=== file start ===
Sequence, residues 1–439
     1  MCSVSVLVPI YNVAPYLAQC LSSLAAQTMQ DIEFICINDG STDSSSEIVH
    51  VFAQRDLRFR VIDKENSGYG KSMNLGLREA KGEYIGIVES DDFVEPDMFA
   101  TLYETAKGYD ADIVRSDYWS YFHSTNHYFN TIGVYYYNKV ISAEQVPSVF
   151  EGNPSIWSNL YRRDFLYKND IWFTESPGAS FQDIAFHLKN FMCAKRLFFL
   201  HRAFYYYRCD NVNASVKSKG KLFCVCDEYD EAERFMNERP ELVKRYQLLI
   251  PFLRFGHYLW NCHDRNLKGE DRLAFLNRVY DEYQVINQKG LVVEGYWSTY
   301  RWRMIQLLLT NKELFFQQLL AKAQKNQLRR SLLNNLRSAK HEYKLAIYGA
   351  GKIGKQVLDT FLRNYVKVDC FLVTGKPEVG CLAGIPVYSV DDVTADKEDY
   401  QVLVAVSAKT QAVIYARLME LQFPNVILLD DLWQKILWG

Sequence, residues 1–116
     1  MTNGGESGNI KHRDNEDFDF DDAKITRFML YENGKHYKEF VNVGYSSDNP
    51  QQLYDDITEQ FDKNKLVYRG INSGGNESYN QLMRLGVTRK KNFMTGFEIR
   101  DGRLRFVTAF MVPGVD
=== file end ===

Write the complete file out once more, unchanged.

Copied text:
Sequence, residues 1–439
     1  MCSVSVLVPI YNVAPYLAQC LSSLAAQTMQ DIEFICINDG STDSSSEIVH
    51  VFAQRDLRFR VIDKENSGYG KSMNLGLREA KGEYIGIVES DDFVEPDMFA
   101  TLYETAKGYD ADIVRSDYWS YFHSTNHYFN TIGVYYYNKV ISAEQVPSVF
   151  EGNPSIWSNL YRRDFLYKND IWFTESPGAS FQDIAFHLKN FMCAKRLFFL
   201  HRAFYYYRCD NVNASVKSKG KLFCVCDEYD EAERFMNERP ELVKRYQLLI
   251  PFLRFGHYLW NCHDRNLKGE DRLAFLNRVY DEYQVINQKG LVVEGYWSTY
   301  RWRMIQLLLT NKELFFQQLL AKAQKNQLRR SLLNNLRSAK HEYKLAIYGA
   351  GKIGKQVLDT FLRNYVKVDC FLVTGKPEVG CLAGIPVYSV DDVTADKEDY
   401  QVLVAVSAKT QAVIYARLME LQFPNVILLD DLWQKILWG

Sequence, residues 1–116
     1  MTNGGESGNI KHRDNEDFDF DDAKITRFML YENGKHYKEF VNVGYSSDNP
    51  QQLYDDITEQ FDKNKLVYRG INSGGNESYN QLMRLGVTRK KNFMTGFEIR
   101  DGRLRFVTAF MVPGVD